The Lord's Supper

April 7, 2022

Now as they were eating, Jesus took bread, and after blessing it broke it and gave it to the disciples, and said, “Take, eat; this is My body which is given for you. Do this in remembrance of Me” (Matthew 26:26; Mark 14:22; Luke 22:19; 1 Corinthians 11:23-24)

In the midst of the Passover meal Jesus introduced and instituted what is called ‘The Lord’s Supper’ or ‘Communion’. The observance includes unleavened bread and wine. Four major ‘doctrinal’ interpretations regarding the bread and wine exist today.

(1) Transubstantiation - the official teaching of Roman Catholicism. Trans means ‘change’, and substantiation means ‘substance’. When the bread and wine are blessed by the priest during the Mass, they are transformed into the physical body and blood of Jesus Christ. The form of the bread and wine doesn’t change, they still look, smell, and taste like bread and wine, but the substance has changed; the inner, hidden essence of the bread and wine has completely changed. So, when a person eats the bread and drinks the wine, they take into themselves the actual body and blood of Christ, and therefore the grace of God. The one who refuses to take the bread and wine puts their soul in grave danger; they refuse the grace of God.

(2) Consubstantiation - Martin Luther (1483-1546) disagreed with this view of the Lord’s Supper. He taught consubstantiation. Con means ‘together with’, and substantiation means ‘substance’. Luther argued that rather than the bread and wine changing completely into the flesh and blood of Jesus, the substance of the bread and wine coexists with the body and blood of Jesus. Jesus is present in, with, and under the bread and the wine whenever the Lord’s Supper is celebrated. The analogy people sometimes use is a sponge full of water - the sponge isn’t the water, the water isn’t the sponge, but the two are together with each other.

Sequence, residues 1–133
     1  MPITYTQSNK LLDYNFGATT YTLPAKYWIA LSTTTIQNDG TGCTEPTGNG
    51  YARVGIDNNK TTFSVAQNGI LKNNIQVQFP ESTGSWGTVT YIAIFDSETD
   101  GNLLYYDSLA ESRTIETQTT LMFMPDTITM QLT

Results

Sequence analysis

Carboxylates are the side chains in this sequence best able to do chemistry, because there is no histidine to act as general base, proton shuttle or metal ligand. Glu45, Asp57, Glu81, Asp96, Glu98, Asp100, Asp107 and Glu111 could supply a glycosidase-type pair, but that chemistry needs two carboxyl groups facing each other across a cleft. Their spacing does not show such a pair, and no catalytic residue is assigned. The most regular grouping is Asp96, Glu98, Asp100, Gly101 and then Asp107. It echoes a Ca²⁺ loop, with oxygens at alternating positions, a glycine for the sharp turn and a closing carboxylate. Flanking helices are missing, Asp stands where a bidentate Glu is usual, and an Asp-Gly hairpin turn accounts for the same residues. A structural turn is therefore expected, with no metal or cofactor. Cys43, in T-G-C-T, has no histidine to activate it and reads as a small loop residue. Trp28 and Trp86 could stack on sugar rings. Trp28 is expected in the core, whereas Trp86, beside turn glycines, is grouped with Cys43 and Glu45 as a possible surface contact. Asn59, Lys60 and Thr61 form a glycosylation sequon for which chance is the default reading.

(3) Memorial - Huldrych Zwingli (1484-1531), who was around at the time of Luther in the 16th century, taught the memorial view of the Lord’s Supper. He said that Jesus commanded us to do this in remembrance of Me, and that is all the Lord’s Supper is - an act of remembrance. The bread and wine are merely symbols, reminding us that Christ’s body was broken for us, and His blood was shed for us. 

(4) Spiritual Presence - John Calvin (1509-1564), who was also around at the same time, taught that the Lord’s Supper is to be viewed as the spiritual presence or real presence of Jesus Christ in the bread and wine. They are certainly symbolic, but the symbols do more than merely represent Jesus - they actually bring into us the presence of Jesus Christ and His benefits. 

Which view is correct biblically? Most Evangelical Christians agree with the Memorial view, while the very conservative Evangelical Christian agrees with the Spiritual Presence view. But the point is that Jesus taught that the purpose of the Lord’s Supper is to remind us of His sacrificial death on the cross for our sins, apart from which there is no salvation. Amen.


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